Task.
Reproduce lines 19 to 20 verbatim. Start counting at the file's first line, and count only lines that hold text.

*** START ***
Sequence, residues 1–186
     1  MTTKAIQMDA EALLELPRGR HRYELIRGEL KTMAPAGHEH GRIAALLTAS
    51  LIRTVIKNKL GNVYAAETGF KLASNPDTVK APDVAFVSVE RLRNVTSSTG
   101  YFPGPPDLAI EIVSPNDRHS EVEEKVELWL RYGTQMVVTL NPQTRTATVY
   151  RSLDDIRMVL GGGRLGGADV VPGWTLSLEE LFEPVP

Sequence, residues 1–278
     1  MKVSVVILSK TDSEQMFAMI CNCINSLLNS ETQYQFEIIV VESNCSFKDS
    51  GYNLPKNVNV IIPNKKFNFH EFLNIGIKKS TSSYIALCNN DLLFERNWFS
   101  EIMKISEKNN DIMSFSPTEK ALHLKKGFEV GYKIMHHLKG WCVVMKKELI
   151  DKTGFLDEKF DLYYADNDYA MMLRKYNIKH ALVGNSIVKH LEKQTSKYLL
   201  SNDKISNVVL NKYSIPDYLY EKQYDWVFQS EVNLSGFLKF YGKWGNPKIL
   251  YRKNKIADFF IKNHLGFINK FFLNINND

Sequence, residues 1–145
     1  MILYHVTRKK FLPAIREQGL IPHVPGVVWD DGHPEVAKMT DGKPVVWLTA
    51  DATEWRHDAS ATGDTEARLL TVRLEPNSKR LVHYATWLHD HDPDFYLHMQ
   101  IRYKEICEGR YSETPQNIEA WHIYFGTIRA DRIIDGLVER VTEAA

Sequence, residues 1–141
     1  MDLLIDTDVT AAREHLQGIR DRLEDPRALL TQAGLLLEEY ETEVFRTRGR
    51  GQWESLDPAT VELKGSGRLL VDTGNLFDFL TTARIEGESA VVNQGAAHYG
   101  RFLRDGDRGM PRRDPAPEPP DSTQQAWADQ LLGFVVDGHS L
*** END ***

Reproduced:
    51  GQWESLDPAT VELKGSGRLL VDTGNLFDFL TTARIEGESA VVNQGAAHYG
   101  RFLRDGDRGM PRRDPAPEPP DSTQQAWADQ LLGFVVDGHS L